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Success! Wai Wai from Burma raised $1,500 to fund cardiac surgery.

Wai Wai
100%
  • $1,500 raised, $0 to go
$1,500
raised
$0
to go
Fully funded
Wai Wai's treatment was fully funded on February 12, 2017.

Photo of Wai Wai post-operation

March 13, 2017

Wai Wai underwent cardiac surgery.

Before her surgery, she had trouble walking, wasn’t able to eat properly, and constantly felt tired. Wai Wai is now able to walk, eat, and sleep comfortably.

Wai Wai is very happy that she has more energy to help her sister, support her community, and volunteer.

Wai Wai is grateful to the donors. She says, “Before it was tears of sadness, and now it is tears of joy.”

Before her surgery, she had trouble walking, wasn’t able to eat properly, and constantly felt tired. Wai Wai is now able to walk, eat, and s...

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December 13, 2016

Wai Wai is a 48-year-old woman from Burma. She lives with her mother and younger sister. They own a small shop, in which they sell goods made from bamboo.

Eight years ago, Wai Wai started to experience pain in her joints. She was diagnosed with rheumatic arthritis. She visited a clinic, where she received injections for the arthritis. After a year of receiving injections, her pain subsided.

Wai Wai did not experience any health problems until March, when she began to cough and have difficulty breathing. She grew tired easily, and her joint pain returned. She experienced strong heart palpitations, which sometimes prevented her from sleeping.

In May, Wai Wai visited a hospital and underwent a diagnostic echocardiogram. She was diagnosed with mitral valve stenosis, a narrowing of the heart’s mitral valve. Inflammatory diseases, such as Wai Wai’s rheumatic arthritis, can affect the connective tissues of the body, particularly those in the heart. Her doctor recommended surgery, but she she could not afford treatment. She tried using traditional medicines, but her symptoms did not improve.

Fortunately, Wai Wai was referred to our medical partner. She is now scheduled to undergo a mitral valve replacement on December 23.

Wai Wai hopes to get well soon. She plans to help her sister with their business, and resume her religious activities, including meditation and teaching children about Buddhism.

“I’m very happy now,” says Wai Wai.

Wai Wai is a 48-year-old woman from Burma. She lives with her mother and younger sister. They own a small shop, in which they sell goods mad...

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Wai Wai's Timeline

  • December 13, 2016
    PROFILE SUBMITTED

    Wai Wai was submitted by Ma Tu, Senior Project Officer at Burma Children Medical Fund.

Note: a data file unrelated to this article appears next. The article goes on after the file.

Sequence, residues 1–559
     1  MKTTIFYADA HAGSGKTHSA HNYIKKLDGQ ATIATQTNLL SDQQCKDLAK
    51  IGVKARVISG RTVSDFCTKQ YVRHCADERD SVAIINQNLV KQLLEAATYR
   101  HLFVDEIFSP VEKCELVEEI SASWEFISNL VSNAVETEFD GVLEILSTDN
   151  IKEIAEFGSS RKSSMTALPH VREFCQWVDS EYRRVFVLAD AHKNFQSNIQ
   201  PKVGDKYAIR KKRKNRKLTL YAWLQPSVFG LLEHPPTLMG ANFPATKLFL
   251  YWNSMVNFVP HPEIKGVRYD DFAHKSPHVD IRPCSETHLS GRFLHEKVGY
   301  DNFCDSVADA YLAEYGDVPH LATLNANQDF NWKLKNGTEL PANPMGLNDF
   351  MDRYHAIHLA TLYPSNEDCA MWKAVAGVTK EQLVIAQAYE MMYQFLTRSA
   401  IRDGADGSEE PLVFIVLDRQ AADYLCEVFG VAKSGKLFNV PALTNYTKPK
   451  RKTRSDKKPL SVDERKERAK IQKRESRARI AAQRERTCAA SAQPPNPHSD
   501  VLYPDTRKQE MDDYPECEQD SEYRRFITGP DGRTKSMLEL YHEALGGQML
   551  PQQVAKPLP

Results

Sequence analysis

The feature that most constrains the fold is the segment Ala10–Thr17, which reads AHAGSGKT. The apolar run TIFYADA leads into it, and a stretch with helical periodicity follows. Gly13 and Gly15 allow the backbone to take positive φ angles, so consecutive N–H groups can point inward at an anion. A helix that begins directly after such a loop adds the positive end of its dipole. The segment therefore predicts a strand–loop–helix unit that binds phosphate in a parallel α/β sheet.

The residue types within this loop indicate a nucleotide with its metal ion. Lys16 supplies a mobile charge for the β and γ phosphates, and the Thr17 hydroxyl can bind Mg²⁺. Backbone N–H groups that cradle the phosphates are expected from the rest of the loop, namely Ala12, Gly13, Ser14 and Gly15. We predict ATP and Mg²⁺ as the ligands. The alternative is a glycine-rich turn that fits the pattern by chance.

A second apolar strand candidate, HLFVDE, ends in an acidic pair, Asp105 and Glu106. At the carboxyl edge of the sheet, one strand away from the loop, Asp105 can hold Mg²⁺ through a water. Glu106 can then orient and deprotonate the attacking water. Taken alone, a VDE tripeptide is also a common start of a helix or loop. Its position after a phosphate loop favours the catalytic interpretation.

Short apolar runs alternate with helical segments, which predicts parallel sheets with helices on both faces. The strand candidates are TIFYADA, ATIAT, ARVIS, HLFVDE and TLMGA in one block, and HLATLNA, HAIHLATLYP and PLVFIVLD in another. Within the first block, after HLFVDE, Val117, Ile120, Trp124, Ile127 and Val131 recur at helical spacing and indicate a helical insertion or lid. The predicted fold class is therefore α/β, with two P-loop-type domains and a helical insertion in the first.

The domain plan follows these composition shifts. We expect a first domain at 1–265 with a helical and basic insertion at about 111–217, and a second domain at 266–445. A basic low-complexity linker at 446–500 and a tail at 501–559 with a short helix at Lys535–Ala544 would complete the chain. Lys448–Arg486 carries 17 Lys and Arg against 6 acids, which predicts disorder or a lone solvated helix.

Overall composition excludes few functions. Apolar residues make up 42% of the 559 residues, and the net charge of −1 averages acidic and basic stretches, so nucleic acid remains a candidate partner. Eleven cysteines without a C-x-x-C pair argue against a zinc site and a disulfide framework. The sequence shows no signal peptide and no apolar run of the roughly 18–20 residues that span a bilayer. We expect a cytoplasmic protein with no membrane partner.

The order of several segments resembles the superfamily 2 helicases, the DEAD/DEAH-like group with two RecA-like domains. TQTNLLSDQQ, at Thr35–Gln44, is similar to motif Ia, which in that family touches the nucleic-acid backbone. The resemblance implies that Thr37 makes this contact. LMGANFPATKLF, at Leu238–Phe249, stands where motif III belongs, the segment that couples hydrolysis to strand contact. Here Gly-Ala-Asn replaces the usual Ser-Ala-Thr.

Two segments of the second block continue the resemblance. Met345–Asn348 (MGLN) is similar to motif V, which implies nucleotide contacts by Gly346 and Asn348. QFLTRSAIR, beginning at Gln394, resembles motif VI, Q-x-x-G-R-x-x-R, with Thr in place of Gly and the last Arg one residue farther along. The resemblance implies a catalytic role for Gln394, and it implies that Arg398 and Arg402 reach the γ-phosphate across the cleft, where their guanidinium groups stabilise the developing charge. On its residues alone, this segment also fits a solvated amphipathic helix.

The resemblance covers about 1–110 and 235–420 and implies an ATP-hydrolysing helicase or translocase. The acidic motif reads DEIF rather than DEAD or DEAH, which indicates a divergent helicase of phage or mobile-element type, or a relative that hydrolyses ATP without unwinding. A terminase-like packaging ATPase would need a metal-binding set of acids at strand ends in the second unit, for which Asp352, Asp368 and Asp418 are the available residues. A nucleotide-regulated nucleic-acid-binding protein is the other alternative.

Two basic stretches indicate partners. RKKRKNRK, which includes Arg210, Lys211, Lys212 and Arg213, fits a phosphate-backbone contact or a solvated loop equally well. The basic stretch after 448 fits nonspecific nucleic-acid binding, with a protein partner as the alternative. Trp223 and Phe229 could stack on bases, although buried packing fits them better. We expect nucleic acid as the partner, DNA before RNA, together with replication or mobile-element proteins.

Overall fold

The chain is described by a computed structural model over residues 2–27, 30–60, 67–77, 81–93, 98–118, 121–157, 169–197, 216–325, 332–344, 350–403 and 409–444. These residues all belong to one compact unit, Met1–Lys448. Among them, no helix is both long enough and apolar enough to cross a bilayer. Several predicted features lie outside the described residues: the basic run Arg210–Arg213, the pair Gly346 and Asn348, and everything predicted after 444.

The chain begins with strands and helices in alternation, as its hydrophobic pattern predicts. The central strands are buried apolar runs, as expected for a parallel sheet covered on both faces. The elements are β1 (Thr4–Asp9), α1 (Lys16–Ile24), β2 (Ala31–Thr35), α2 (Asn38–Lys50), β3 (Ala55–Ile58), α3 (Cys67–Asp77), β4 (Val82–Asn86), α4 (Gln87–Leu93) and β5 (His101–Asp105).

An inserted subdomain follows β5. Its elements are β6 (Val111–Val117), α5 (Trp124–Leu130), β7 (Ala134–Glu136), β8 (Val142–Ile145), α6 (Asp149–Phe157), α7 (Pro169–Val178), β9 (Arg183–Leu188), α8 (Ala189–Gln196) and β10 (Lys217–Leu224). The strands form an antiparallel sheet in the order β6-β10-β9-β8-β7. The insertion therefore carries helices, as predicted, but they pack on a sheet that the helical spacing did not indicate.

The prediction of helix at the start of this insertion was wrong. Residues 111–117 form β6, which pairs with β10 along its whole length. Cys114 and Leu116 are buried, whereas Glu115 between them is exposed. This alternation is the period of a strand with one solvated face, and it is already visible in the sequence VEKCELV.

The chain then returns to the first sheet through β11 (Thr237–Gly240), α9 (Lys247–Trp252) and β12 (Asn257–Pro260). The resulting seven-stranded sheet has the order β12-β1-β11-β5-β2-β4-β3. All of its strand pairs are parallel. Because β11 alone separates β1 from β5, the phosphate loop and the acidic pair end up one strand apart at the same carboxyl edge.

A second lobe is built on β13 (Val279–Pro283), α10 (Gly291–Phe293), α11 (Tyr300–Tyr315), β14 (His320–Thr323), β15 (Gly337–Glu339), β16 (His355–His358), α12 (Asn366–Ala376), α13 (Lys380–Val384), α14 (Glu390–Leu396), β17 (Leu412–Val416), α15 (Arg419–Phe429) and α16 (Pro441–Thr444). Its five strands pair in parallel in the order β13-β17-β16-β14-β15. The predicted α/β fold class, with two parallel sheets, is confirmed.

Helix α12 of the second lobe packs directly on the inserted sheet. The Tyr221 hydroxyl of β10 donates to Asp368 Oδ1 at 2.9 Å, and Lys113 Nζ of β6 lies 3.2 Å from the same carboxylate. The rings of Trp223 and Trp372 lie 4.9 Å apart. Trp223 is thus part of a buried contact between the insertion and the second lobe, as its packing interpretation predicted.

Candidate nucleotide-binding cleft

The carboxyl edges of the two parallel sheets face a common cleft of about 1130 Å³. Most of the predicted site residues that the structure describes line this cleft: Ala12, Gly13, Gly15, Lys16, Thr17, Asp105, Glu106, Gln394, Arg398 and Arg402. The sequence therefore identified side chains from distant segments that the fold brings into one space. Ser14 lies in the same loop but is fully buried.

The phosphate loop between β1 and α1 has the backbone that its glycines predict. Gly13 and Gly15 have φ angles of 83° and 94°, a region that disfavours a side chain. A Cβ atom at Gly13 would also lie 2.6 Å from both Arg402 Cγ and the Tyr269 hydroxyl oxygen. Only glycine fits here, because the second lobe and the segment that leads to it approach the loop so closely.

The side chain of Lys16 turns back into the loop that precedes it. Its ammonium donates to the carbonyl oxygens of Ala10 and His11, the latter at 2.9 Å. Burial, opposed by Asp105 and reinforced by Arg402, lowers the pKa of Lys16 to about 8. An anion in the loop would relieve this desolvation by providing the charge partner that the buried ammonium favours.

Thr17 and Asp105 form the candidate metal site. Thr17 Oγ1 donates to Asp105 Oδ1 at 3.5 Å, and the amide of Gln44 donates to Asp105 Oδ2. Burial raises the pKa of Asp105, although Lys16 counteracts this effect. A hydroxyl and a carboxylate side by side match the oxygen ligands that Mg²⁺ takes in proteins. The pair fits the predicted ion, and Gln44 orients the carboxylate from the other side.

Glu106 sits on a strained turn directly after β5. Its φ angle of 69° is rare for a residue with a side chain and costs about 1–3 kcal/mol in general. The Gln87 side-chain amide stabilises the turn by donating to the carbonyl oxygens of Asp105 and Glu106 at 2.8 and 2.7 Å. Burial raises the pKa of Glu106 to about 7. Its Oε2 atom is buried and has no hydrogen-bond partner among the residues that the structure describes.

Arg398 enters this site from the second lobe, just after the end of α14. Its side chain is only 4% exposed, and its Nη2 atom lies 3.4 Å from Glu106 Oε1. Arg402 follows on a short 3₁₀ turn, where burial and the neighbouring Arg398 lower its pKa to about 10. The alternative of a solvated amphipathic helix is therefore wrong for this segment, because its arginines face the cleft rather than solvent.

• December 22, 2016
    PROFILE PUBLISHED

    Wai Wai's profile was published to start raising funds.

  • December 26, 2016
    TREATMENT OCCURRED

    Wai Wai received treatment at Pinlon Private Hospital in Burma. Medical partners often provide care to patients accepted by Watsi before those patients are fully funded, operating under the guarantee that the cost of care will be paid for by donors.

  • February 12, 2017
    FULLY FUNDED

    Wai Wai's treatment was fully funded.

  • March 13, 2017
    TREATMENT UPDATE

    Wai Wai's treatment was successful. Read the update.

Funded by 39 donors

Funded by 39 donors

Treatment
Mitral Valve Replacement
  • Cost Breakdown
  • Diagnosis
  • Procedure
On average, it costs $4,878 for Wai Wai's treatment
Subsidies fund $3,378 and Watsi raises the remaining $1,500
Hospital Fees
$1,500
Medical Staff
$1,066
Medication
$0
Supplies
$1,800
Labs
$100
Radiology
$15
Other
$397
  • Symptoms
  • Impact on patient's life
  • Cultural or regional significance

​What kinds of symptoms do patients experience before receiving treatment?

Patients may experience excessive sweating, extreme tiredness and fatigue, irregular heartbeat, rapid breathing or shortness of breath, chest pain, lightheadedness, or loss of consciousness.

​What is the impact on patients’ lives of living with these conditions?

Patients cannot do labor work—even doing household chores may tire them. Adults will be unable to care for their families, and children will be unable to play or attend school. As the condition progresses, patients may become unable to eat.

What cultural or regional factors affect the treatment of these conditions?

Patients cannot afford to go to the hospital. Many people rely on medications provided by dealers who are not authorized pharmacists.

  • Process
  • Impact on patient's life
  • Risks and side-effects
  • Accessibility
  • Alternatives

What does the treatment process look like?

Damaged valves are repaired and replaced during open heart surgery.

What is the impact of this treatment on the patient’s life?

This surgery saves lives. Children will return to school, and adults will return to working and caring for their families.

What potential side effects or risks come with this treatment?

Potential side effects include bleeding, infection, fever, swelling, inflammation, arrhythmias, damage to surrounding organs, stroke, and death. Heart surgery is more likely to be life-threatening for patients who are very sick before the surgery.

How accessible is treatment in the area? What is the typical journey like for a patient to receive care?

Many of our medical partner's patients live in remote areas. They cannot afford or access treatment because it is only available in large cities.

What are the alternatives to this treatment?

There are no alternatives. If left untreated, this heart condition will become life-threatening for patients.

Meet another patient you can support

100% of your donation funds life-changing surgery.

Meet another patient you can support

100% of your donation funds life-changing surgery.